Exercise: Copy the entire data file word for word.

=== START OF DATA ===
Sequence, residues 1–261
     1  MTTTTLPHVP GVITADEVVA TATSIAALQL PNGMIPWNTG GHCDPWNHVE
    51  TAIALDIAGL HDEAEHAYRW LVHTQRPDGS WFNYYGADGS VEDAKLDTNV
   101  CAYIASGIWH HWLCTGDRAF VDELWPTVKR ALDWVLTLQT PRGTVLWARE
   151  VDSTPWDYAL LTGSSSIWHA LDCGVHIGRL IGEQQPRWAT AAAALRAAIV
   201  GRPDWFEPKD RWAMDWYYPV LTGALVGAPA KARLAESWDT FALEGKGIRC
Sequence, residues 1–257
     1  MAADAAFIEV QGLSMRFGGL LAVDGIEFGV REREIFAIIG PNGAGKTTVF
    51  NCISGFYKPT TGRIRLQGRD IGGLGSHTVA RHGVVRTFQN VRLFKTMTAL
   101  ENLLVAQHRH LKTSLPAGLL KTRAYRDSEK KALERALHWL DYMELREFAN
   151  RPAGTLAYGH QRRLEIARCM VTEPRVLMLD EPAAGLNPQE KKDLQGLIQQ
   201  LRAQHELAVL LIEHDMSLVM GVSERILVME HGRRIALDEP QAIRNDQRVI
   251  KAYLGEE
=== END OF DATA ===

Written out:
Sequence, residues 1–261
     1  MTTTTLPHVP GVITADEVVA TATSIAALQL PNGMIPWNTG GHCDPWNHVE
    51  TAIALDIAGL HDEAEHAYRW LVHTQRPDGS WFNYYGADGS VEDAKLDTNV
   101  CAYIASGIWH HWLCTGDRAF VDELWPTVKR ALDWVLTLQT PRGTVLWARE
   151  VDSTPWDYAL LTGSSSIWHA LDCGVHIGRL IGEQQPRWAT AAAALRAAIV
   201  GRPDWFEPKD RWAMDWYYPV LTGALVGAPA KARLAESWDT FALEGKGIRC
Sequence, residues 1–257
     1  MAADAAFIEV QGLSMRFGGL LAVDGIEFGV REREIFAIIG PNGAGKTTVF
    51  NCISGFYKPT TGRIRLQGRD IGGLGSHTVA RHGVVRTFQN VRLFKTMTAL
   101  ENLLVAQHRH LKTSLPAGLL KTRAYRDSEK KALERALHWL DYMELREFAN
   151  RPAGTLAYGH QRRLEIARCM VTEPRVLMLD EPAAGLNPQE KKDLQGLIQQ
   201  LRAQHELAVL LIEHDMSLVM GVSERILVME HGRRIALDEP QAIRNDQRVI
   251  KAYLGEE